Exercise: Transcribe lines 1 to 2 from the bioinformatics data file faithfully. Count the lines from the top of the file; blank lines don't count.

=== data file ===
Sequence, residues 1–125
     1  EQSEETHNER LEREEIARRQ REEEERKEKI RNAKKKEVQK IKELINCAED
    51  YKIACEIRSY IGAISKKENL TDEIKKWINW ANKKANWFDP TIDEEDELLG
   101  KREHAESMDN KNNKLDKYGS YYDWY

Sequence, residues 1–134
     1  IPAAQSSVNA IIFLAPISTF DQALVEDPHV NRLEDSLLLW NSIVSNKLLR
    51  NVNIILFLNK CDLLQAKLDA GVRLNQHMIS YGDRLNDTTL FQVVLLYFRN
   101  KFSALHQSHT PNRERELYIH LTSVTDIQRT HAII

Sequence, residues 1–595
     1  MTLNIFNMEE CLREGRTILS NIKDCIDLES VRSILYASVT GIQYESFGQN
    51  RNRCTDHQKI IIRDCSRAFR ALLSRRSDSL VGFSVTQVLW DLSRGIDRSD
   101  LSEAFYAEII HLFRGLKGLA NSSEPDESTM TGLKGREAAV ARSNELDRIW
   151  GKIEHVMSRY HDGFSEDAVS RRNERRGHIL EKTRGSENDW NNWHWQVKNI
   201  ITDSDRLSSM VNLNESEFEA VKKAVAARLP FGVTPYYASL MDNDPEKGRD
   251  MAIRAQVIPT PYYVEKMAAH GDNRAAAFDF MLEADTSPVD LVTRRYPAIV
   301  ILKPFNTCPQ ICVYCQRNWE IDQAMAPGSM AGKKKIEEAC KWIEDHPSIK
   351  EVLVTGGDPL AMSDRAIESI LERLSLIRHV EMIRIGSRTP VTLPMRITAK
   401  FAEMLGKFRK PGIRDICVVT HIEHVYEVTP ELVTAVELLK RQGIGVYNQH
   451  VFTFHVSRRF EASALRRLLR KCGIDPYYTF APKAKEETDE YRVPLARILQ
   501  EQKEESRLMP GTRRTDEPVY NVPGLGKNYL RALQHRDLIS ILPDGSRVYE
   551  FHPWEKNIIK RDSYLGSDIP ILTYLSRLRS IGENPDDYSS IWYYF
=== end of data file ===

Sequence, residues 1–125
     1  EQSEETHNER LEREEIARRQ REEEERKEKI RNAKKKEVQK IKELINCAED